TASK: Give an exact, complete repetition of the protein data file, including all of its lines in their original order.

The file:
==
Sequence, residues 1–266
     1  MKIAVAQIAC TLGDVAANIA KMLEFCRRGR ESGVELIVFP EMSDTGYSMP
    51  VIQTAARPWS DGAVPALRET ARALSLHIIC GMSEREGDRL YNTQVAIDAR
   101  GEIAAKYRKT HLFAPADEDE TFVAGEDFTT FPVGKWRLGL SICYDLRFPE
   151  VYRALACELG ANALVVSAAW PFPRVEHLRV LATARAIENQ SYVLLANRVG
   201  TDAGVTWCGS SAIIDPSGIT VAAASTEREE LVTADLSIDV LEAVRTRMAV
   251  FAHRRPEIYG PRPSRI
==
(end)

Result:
Sequence, residues 1–266
     1  MKIAVAQIAC TLGDVAANIA KMLEFCRRGR ESGVELIVFP EMSDTGYSMP
    51  VIQTAARPWS DGAVPALRET ARALSLHIIC GMSEREGDRL YNTQVAIDAR
   101  GEIAAKYRKT HLFAPADEDE TFVAGEDFTT FPVGKWRLGL SICYDLRFPE
   151  VYRALACELG ANALVVSAAW PFPRVEHLRV LATARAIENQ SYVLLANRVG
   201  TDAGVTWCGS SAIIDPSGIT VAAASTEREE LVTADLSIDV LEAVRTRMAV
   251  FAHRRPEIYG PRPSRI